Body as Evidence: Dance Meets Dystopian Novel

Body Weather Laboratory, a research forum and training ground for individuals to explore the interaction between movement and the external environment, presents their 19th installment of the Flower of the Season series, which fosters collaborations between dancers, choreographers, artists, and musicians. The season’s performance features dancer/choreographer Oguri (Venice, CA) with dancer Andrés Corchero (Catalonia, Spain) in “Body as Evidence,” an experimental dance work that draws upon Ray Bradbury’s dystopian novel Fahrenheit 451. The show, which was supported by the Los Angeles County Department of Arts & Culture, and the California Arts Council, was performed at the Electric Lodge in Venice, CA, which is also the city where Bradbury lived for many of his formative years. In this era of disinformation and censorship, the performance could not be more timely, drawing disconcerting parallels between the book burning in the novel and the book banning happening in schools today.

The performance is a series of vignettes that explore the usage of books as props, opening with two piles of books scattered on the ground that seem completely ordinary, at least until one of the piles started shifting to reveal Oguri in a fetal position. In this first vignette, which explores the concept of books and knowledge as weight, Oguri crawls around the stage, ponderously dragging the long string of book spines on his own spine as if to symbolize the heavy responsibility that comes with knowledge. Shortly after Oguri steps off the stage, Corchero extricates himself from the other pile of scattered books and proceeds to organize them into three piles. A curious segment follows in which the two dancers interact animatronically with each other like humanoid robots while balancing a small stack of books on their upper back, giving the illusion that they have square robot heads. Even during the less serious scenes, Oguri’s incredible body control lends a mesmerizing quality to his movements.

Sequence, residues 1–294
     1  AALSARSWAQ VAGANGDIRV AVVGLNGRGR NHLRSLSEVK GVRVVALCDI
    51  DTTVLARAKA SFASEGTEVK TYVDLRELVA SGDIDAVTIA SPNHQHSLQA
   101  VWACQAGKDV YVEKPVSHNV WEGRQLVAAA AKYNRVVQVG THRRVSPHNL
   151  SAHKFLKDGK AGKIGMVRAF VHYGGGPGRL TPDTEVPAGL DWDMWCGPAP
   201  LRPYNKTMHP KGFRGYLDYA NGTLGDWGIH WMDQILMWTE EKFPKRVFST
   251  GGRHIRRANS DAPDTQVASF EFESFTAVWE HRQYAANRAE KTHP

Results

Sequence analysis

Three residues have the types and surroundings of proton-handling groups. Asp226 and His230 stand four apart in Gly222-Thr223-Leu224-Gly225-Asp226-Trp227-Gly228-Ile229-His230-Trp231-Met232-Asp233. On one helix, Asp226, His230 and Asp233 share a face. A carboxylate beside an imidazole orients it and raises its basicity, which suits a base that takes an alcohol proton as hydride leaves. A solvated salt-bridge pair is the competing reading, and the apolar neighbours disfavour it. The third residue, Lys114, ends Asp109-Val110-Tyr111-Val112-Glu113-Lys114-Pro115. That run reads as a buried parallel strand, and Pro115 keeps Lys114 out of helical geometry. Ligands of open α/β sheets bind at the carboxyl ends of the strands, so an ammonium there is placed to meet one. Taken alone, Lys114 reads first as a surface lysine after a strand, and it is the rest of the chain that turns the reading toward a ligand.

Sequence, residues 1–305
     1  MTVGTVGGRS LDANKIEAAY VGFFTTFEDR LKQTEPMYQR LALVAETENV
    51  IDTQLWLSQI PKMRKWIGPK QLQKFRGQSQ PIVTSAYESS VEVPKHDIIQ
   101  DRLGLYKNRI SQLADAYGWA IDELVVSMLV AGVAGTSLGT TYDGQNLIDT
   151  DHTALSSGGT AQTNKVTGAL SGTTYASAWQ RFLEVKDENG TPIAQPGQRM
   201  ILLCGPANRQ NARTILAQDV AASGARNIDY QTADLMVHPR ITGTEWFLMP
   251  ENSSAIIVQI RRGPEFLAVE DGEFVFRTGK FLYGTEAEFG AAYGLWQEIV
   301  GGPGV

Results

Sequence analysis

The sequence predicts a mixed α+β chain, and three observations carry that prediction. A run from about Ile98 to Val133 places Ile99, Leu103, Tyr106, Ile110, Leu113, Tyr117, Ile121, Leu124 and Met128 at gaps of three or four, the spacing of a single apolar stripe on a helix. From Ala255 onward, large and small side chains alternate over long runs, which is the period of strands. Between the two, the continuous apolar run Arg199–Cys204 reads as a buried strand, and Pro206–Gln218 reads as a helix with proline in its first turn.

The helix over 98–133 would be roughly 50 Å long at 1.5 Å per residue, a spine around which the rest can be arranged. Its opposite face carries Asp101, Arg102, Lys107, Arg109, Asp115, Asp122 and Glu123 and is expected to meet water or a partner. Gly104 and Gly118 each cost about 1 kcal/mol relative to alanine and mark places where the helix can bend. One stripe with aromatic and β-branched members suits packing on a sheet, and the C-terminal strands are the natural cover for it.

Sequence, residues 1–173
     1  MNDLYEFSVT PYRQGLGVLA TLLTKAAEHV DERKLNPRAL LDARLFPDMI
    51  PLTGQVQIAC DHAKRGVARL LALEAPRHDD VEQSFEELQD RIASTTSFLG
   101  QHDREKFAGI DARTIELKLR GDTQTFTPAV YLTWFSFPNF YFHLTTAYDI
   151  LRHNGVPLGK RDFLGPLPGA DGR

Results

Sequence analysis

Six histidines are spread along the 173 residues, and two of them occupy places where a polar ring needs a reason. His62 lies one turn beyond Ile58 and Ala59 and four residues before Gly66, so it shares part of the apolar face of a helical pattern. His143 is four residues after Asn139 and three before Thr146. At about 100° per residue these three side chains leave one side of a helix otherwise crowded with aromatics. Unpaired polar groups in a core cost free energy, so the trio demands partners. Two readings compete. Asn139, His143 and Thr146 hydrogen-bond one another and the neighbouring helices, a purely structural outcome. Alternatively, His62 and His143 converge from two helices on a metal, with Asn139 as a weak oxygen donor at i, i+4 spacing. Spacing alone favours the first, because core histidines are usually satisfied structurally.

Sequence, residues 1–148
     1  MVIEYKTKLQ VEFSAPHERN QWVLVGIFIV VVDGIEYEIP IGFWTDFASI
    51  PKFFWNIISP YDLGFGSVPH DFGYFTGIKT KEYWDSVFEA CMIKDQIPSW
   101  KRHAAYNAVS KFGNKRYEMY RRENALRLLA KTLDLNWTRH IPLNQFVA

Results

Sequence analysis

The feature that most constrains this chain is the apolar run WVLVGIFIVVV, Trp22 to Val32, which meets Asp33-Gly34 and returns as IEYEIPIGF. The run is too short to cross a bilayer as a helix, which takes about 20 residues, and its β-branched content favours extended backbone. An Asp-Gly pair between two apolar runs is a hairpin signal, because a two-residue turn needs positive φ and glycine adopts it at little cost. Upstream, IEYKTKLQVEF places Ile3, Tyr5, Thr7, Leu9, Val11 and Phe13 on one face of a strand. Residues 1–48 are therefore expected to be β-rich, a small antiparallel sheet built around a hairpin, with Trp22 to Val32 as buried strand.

Image selections by Oguri from video by Antonia Lorenzo

In another scene, the dancers arrange the books into a circular, maze-like formation and dart gracefully between the books, gently replacing any books that get accidentally knocked over. Instead of sacrificing freedom in an attempt to attain sterilized predictability, their graceful approach to recovering from these “accidents” acknowledges the reality of imperfection, a bold statement in a world overtaken by Instagram filters and highlight reels.

The performers’ expressive delivery of unexpected moments captivated the audience’s attention. At one point, the dancers held up lit candles unnervingly close to dangling books, eliciting an audible “Oh no” from the audience. Spoiler alert: no books were burned, but it was not until the candles were blown out that the audience collectively exhaled in relief. There were also more humorous, borderline absurd scenes that gave the audience a hearty chuckle, such as when the dancers headbutted and dodged the hanging books like cowardly boxers. The lighting design, while not fancy, further reinforced the impact and mood of each scene. Bright lights illuminated the absurdist, comedic moments. Softer lights bathed the contemplative scene. Strong shadows accentuated the tensest scenes.

The performance can be interpreted as a commentary on our society’s fraught relationship with books and knowledge. On one hand, books offer us different ways to understand our world, create meaning in it, and relate to each other. On the other hand, books that question or invalidate the status quo are increasingly seen as attacks on morals and personal identities. Similarly, knowledge, which has provided our society with the means to help each other and communicate across borders, is being weaponized to drive factions of our nation ideologically further and further apart, to the point where the lines between information and disinformation, between reality and belief, are disappearing. This thought-provoking work explores the interaction between movement and books and creates vignettes that celebrate free speech and creative expression while also warning of the dangers of censorship and inauthenticity.

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